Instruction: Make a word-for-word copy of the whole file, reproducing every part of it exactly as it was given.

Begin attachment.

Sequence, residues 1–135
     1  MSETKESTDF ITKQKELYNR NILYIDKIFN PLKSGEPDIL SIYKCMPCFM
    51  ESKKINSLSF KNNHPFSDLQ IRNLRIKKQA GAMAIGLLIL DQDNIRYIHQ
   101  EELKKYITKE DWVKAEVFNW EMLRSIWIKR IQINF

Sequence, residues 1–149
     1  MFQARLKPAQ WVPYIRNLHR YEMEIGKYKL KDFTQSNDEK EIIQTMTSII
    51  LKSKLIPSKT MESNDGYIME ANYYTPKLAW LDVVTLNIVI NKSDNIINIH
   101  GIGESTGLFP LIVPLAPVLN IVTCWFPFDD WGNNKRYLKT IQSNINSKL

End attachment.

Sequence, residues 1–135
     1  MSETKESTDF ITKQKELYNR NILYIDKIFN PLKSGEPDIL SIYKCMPCFM
    51  ESKKINSLSF KNNHPFSDLQ IRNLRIKKQA GAMAIGLLIL DQDNIRYIHQ
   101  EELKKYITKE DWVKAEVFNW EMLRSIWIKR IQINF

Sequence, residues 1–149
     1  MFQARLKPAQ WVPYIRNLHR YEMEIGKYKL KDFTQSNDEK EIIQTMTSII
    51  LKSKLIPSKT MESNDGYIME ANYYTPKLAW LDVVTLNIVI NKSDNIINIH
   101  GIGESTGLFP LIVPLAPVLN IVTCWFPFDD WGNNKRYLKT IQSNINSKL